Julie Lyles Carr: The Great Social Experiment

Monday, January 25, 2010

The Great Social Experiment

You certainly hope it's going to work.

This whole homeschool thing.

When 1 of 8 asked to come home to school in 1999, I was willing. She wanted to have more time to dance, wanted to be able to take more classes. She wanted more time to read. She wanted more creative time.

We had a great public school experience. Her teachers were loving and supportive. 1 of 8 had lots of dear friends, friends she is still close to today. We didn't make the decision to homeschool based on what was going wrong.

We made the decision to homeschool based on what was going right.

What was going right was 1 of 8's dance experience. What was going right was a strong friendship with another homeschool family and the opportunity to do some traveling with them as part of their family business. What was going right was 1 of 8's creative bent, a creativity that was pushing her to learn more, faster, deeper and farther.

And so she came home.

Now push the fast forward button.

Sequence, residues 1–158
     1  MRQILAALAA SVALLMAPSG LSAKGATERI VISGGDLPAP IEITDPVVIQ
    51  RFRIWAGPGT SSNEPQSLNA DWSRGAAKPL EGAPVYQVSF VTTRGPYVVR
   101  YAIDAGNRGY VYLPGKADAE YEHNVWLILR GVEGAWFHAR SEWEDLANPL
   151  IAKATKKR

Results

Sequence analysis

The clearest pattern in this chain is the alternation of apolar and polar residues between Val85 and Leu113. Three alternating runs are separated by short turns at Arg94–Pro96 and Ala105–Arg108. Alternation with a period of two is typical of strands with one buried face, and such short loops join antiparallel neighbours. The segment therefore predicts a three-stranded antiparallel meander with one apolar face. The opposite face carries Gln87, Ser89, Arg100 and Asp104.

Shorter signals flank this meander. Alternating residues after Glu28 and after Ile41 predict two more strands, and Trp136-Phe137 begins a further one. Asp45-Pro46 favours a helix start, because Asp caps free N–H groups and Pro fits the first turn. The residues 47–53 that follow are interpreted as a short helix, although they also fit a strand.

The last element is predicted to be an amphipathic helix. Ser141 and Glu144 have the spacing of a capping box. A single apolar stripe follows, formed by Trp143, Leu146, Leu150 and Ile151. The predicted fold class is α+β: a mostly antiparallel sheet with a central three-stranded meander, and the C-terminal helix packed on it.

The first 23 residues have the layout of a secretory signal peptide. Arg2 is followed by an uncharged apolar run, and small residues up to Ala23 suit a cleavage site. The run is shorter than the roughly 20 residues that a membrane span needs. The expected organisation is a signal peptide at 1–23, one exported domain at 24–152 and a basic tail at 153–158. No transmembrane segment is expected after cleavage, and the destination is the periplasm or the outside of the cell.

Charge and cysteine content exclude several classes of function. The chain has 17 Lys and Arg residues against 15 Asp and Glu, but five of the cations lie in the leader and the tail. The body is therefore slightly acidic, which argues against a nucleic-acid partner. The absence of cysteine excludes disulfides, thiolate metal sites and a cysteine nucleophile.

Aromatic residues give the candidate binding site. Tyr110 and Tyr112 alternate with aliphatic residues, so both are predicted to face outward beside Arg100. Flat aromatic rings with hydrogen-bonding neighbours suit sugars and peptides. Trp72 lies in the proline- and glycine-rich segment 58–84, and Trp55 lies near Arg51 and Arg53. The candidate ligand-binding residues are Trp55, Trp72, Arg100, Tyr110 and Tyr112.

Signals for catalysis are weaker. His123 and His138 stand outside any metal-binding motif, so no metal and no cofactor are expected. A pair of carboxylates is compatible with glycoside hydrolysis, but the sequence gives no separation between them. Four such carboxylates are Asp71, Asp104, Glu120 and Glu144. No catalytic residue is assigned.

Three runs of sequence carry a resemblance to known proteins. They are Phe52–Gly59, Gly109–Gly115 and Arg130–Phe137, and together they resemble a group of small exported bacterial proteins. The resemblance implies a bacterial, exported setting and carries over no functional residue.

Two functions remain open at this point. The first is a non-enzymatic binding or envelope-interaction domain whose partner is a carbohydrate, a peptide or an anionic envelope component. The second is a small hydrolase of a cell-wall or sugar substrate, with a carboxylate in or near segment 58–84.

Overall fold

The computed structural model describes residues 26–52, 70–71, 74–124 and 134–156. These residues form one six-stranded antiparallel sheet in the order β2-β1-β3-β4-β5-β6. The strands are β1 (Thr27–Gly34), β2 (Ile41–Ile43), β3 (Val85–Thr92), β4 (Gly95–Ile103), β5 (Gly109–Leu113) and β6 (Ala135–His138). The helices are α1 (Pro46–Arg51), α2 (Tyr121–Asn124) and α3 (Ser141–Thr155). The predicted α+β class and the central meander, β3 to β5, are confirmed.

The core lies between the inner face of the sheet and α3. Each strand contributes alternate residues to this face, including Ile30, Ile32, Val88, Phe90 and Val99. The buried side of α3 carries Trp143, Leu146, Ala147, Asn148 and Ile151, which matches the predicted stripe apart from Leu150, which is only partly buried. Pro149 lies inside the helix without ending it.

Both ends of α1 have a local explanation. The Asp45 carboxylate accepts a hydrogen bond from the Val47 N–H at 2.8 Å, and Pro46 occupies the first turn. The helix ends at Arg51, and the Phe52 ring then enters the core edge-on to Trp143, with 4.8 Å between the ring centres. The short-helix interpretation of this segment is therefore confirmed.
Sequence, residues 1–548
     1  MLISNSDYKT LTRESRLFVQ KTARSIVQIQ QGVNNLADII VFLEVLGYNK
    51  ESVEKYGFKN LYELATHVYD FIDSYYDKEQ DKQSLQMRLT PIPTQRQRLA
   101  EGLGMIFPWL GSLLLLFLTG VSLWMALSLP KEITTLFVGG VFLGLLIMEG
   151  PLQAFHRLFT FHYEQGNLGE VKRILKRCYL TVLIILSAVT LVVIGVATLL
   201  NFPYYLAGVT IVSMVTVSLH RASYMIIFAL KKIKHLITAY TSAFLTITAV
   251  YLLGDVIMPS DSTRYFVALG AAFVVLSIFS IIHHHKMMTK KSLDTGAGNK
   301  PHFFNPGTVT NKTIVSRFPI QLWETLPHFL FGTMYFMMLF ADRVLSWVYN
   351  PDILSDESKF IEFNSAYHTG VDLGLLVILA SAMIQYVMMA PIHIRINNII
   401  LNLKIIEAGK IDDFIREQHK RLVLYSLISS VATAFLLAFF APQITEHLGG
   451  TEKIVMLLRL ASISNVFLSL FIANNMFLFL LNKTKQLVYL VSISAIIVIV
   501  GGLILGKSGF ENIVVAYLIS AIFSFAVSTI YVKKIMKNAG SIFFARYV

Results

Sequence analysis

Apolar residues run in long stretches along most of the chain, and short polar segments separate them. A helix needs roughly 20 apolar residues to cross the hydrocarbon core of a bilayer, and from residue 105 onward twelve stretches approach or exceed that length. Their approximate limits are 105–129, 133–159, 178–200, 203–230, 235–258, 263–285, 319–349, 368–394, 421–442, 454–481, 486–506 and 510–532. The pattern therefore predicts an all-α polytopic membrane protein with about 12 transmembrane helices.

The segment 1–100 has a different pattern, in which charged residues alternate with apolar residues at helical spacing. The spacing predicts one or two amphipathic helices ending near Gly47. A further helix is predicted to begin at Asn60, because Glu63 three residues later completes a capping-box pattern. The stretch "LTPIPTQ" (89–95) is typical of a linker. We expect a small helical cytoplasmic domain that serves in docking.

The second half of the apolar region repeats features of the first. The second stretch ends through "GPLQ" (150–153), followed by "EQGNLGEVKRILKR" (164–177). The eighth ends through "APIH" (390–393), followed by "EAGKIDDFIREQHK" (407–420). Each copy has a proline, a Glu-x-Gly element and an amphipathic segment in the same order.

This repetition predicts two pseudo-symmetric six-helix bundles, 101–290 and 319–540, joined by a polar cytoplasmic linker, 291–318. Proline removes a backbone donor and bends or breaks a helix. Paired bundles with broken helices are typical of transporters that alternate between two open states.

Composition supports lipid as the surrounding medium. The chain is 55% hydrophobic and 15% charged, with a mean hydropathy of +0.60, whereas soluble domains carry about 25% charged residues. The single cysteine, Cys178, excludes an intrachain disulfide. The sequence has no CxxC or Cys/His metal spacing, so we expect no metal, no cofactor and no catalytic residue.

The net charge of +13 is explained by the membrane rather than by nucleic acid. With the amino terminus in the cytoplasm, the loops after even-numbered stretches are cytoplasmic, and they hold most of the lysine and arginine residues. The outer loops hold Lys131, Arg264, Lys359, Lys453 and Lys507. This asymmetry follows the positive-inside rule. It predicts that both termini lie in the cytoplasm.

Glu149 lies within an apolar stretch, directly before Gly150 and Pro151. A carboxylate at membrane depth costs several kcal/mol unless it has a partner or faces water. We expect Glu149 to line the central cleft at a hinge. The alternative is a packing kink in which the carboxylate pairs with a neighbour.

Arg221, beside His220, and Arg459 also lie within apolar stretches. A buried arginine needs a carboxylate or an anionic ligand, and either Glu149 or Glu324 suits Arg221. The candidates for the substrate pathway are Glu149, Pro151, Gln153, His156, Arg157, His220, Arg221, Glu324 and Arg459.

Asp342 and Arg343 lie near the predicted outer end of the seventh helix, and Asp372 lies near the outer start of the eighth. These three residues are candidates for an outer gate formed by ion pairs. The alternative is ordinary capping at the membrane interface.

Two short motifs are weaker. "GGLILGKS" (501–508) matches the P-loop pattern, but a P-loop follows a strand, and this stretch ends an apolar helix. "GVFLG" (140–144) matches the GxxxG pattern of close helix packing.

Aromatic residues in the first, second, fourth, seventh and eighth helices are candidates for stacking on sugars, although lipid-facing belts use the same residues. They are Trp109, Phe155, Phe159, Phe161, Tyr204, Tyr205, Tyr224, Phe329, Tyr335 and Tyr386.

By the time 1 of 8 entered her high school years, homeschooling in general was a far more accepted option than when we had started. But the high school years made me a bit more nervous. It seemed there was more at stake, more paperwork, more of a need to validate all the things she had accomplished.

And there was the daunting question: had this Great Social Experiment actually worked?

1 of 8 entered a major university last week as a sophomore, a sack full of credit hours already earned through a dual credit program with a local college and a smattering of distance learning. She is a double major, in foreign language as a French major and in science as a Neuro-Biology major.

And when her acceptance letter came in the mail, you may have heard me.

It was that big "Whew!"

Because while we knew of 1 of 8's diligence and hard work, we were concerned that those unfamiliar with homeschooling or those philosophically opposed might make the crossing a bit more treacherous.

We needn't have worried.

It's been a delight to see how seamless the transition has been.

1 of 8 has been photo-cataloging her experience and I'll be posting her observations and thoughts here throughout the week. For those of you who homeschool, I'll try to provide answers to the questions I've had throughout the high school years. And for those of you who don't homeschool, perhaps this will provide a peek into how the whole thing works.

But one way or another, it's been exhilarating to watch the process, to see 1 of 8 take command of her education, to find the information, to prep for the tests, to complete the forms and to answer the questions.

And to see our Great Social Experiement come to fruition.

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